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23 August 2017, 15:51
A Derby MP says women only carriages on trains could offer women a safe space from sexual assaults.
Shadow fire minister Chris Williamson said creating separate travelling arrangements for female passengers might offer "a safe space" for women as sexual offences on trains have more than doubled in the past five years.
It follows a 17-year-old girl being sexually assaulted twice, by two different men, on a train journey between Newquay and Plymouth as she made her way home from the Boardmasters festival on August 12.
Some 1,448 offences were reported in 2016/17, compared with 650 incidents in 2012/2013, British Transport Police figures show.
The idea was initially suggested by Labour leader Jeremy Corbyn during his 2015 leadership bid, but the plans were dropped after attracting criticism, including from prominent female Labour MPs such as Yvette Cooper and Liz Kendall.
Mr Williamson (Derby North) was drawn into the debate when he retweeted an article by left-wing blog Skwawkbox, which pointed to official figures showing a rise in sex attacks on public transport.
He told PoliticsHome: "It would be worth consulting about it. It was pooh-poohed (when Jeremy Corbyn suggested it), but these statistics seem to indicate there is some merit in examining that.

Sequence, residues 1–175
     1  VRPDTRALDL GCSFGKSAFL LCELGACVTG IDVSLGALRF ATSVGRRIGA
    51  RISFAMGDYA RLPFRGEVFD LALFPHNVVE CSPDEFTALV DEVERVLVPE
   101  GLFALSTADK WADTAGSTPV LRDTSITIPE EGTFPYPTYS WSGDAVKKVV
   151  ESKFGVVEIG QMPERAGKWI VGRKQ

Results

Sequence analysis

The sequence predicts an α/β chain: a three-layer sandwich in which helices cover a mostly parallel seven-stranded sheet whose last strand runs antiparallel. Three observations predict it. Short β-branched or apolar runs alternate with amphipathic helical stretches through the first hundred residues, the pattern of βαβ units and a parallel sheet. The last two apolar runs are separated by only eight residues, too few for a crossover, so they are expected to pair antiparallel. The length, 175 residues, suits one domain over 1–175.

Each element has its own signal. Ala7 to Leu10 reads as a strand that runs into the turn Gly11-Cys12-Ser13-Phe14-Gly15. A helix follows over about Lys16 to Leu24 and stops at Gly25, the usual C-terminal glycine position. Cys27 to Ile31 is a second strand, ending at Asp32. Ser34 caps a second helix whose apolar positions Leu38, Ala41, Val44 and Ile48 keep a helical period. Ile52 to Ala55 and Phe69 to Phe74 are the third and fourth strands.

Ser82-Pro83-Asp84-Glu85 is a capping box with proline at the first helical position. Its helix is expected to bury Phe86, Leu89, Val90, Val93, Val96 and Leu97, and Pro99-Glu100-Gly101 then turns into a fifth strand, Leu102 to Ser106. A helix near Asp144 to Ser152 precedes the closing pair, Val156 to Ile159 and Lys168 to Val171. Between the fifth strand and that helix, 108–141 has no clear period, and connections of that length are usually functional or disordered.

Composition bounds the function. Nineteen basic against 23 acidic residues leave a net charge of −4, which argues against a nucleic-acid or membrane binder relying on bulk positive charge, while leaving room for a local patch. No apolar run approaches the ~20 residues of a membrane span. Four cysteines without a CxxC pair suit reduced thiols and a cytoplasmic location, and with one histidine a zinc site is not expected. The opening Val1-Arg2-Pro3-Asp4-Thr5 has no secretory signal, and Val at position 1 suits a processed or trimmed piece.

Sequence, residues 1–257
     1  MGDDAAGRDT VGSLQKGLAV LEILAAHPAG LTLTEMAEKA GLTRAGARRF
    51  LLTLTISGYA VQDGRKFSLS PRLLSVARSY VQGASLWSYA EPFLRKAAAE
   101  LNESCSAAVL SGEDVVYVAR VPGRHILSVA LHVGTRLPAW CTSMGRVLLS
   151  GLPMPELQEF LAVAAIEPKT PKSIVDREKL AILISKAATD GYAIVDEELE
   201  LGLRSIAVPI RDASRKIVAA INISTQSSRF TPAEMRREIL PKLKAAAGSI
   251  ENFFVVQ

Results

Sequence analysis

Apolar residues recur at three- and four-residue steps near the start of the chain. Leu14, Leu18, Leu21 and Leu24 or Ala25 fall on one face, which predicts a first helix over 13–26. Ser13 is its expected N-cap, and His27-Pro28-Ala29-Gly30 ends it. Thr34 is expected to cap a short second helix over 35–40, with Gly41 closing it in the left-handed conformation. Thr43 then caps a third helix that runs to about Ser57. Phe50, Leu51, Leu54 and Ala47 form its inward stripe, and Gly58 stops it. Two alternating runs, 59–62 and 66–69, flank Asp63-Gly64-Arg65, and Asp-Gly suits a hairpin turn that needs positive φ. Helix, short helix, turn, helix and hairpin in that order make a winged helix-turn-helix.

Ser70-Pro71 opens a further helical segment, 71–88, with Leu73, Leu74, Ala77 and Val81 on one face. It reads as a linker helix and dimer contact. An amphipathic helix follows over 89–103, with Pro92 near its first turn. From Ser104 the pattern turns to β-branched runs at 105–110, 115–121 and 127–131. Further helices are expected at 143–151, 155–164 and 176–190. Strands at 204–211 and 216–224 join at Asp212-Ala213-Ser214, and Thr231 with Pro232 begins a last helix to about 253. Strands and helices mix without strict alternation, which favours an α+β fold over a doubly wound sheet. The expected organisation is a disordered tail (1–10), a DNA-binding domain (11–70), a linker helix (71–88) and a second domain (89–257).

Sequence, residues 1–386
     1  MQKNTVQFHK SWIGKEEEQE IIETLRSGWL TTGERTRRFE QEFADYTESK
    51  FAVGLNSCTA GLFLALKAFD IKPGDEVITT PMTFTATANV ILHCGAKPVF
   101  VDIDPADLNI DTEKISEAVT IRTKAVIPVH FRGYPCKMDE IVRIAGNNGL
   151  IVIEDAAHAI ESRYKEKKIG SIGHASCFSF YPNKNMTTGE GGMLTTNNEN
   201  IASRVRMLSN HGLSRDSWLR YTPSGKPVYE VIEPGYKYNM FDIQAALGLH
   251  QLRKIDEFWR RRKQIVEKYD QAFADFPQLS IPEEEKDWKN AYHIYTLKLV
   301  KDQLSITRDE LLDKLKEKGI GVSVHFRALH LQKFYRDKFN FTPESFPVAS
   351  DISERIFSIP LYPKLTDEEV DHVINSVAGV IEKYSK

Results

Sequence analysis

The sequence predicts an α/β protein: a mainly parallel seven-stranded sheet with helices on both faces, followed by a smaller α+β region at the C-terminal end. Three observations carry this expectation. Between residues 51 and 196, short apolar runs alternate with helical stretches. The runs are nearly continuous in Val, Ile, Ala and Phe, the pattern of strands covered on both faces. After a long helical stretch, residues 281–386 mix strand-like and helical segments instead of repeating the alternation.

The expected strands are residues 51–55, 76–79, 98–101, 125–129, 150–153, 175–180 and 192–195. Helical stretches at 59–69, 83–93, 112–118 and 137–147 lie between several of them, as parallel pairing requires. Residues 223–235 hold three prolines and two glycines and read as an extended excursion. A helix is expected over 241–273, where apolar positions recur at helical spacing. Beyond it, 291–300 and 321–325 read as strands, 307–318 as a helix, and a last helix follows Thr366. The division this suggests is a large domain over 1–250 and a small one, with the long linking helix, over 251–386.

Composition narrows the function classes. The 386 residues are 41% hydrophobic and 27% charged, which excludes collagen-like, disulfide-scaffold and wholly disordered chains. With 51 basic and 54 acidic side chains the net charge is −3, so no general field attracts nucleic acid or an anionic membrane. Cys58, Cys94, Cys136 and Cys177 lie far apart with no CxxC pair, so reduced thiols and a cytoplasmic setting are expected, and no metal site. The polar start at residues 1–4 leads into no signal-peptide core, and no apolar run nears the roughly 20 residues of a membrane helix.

"Complemented with having more guards on trains, it would be a way of combating these attacks, which have seen a very worrying increase in the past few years.
"I'm not saying it has to happen, but it may create a safe space. It would be a matter of personal choice whether someone wanted to make use of it."
Female-only carriages on trains have been tried in countries such as Japan, Brazil and Mexico.
The Transport Salaried Staffs' Association (TSSA) said it "deplores the rising number of attacks", saying trains needed to be properly staffed to keep passengers safe.
Manuel Cortes, TSSA General Secretary, said: "A properly staffed railway at all times is the only way to keep travellers safe. Our railways have more passengers than ever before but since privatisation, station staff across Britain have been culled and we are now seeing companies like Southern trying to get rid of carriage guards.
"Our entire network is now woefully understaffed, making travelling more stressful and, sadly, more dangerous for passengers.
"Some stations are no longer staffed at all. CCTVs may be in place but they need sufficient trained monitoring staff to keep carriages and stations properly scrutinised. And they need to be backed up by a full complement of British Transport Police (BTP) Community Support Officers and Officers.
"But monitoring staff numbers have been cut to the bone and we have long warned of the dire consequences and increase in risk to passengers."
Labour's Stella Creasy took to Twitter to criticised the move, arguing that it would "normalise" attacks and that women should be safe to sit anywhere.
The Walthamstow MP, who is a vocal campaigner for women's rights, said: "Can we make all carriages safe for all passengers rather than restricting where we can go? It's not us, it's them honest..."
She added: "Doesn't keep women safe to restrict their movements - it normalises attacks.
"We need to be clear they (the attackers) are problem, not women's seating plans."